Celebrated on the fourth Thursday on November, this American festival is an acknowledgement of gratitude for a plentiful harvest. Nearly all cultures celebrate this festival. For instance south Indians celebrate it as Pongal in the month of January, while the north Indians celebrate it as Holi in the month of March.
“Trick or Treat!” shout little witches, paper-bagged goblins, rubber-masked imps and bed-sheeted ghosts as they extend a bag across for candy. It is October and it’s Halloween time!
Halloween is celebrated on the evening of October 31st, which is the evening before the Christian feast of All Saint’s Day.
Dussehra, also called Vijayadashmi (or Bijoya in Bengal), is the culmination of the nine-day Navaratri celebrations. It is a festival that marks the killing of Ravana, his son Meghanatha and brother Kumbhakarna, by Rama. It is seen as the vistory of good over evil
Durga Puja in Calcutta [Illustration by Shiju George] Durga Puja is the biggest festival in Bengal. We celebrate this puja very nicely in our city. We look forward to Durga Puja every year It is a joyous occasion for all of us.
The colourful kite-flying festival of Makar Sankranti or Uttarayan, which falls on January 14 each year, marks the end of a long winter and the return of the sun to the northern hemisphere. Hence the name Uttarayan.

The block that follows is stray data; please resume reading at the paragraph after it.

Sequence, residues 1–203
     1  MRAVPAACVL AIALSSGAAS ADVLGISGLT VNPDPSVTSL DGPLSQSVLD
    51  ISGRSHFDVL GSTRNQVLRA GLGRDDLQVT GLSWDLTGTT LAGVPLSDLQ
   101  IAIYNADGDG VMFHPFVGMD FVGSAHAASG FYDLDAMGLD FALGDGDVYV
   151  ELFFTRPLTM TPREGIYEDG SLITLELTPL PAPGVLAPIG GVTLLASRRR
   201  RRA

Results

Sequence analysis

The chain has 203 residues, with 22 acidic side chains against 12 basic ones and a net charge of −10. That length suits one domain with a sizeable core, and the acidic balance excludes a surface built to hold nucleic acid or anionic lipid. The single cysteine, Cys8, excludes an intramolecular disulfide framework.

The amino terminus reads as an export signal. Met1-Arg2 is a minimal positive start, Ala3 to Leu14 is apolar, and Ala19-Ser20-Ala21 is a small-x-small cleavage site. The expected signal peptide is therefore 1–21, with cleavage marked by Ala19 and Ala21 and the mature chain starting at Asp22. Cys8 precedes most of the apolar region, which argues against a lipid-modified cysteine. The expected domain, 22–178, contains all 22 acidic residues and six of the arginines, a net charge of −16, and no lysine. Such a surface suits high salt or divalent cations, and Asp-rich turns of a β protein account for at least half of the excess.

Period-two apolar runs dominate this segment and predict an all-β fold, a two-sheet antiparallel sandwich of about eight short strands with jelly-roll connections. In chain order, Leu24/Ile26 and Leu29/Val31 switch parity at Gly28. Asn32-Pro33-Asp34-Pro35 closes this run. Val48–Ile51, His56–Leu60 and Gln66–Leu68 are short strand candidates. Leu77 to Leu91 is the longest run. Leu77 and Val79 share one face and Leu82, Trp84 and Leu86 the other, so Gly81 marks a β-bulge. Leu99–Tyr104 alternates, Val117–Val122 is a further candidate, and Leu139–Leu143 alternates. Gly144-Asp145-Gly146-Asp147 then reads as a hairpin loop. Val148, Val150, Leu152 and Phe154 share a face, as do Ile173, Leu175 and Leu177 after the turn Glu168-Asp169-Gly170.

Deepavali or Diwali as it has come to be known as, means many things to many people. It means holidays from school, shopping expeditions for clothes, sweets, gifts and crackers to children. To the office-goer it means an annual bonus that can make all this happen.
The harvest festival of Kerala, Onam, falls on Shravan day in the month of August or September. After a lush harvest, Onam is the time for the farmers to celebrate the bounties of nature and make merry.
This year, the end of September marks the onset of Navaratri or “nine nights” in the Hindu calendar. With this begins one of the most festive phases in India, with Durga Puja in east India, Dussehra in north, central and west India, and Saraswati Puja in South India.
Excerpts from the book “Festivals of India”
Published by National Book Trust, India.
Festivals bring large numbers of people together in a spirit of joy or devotion, or both. But there is one festival that combines joy and devotion with physical rigour.
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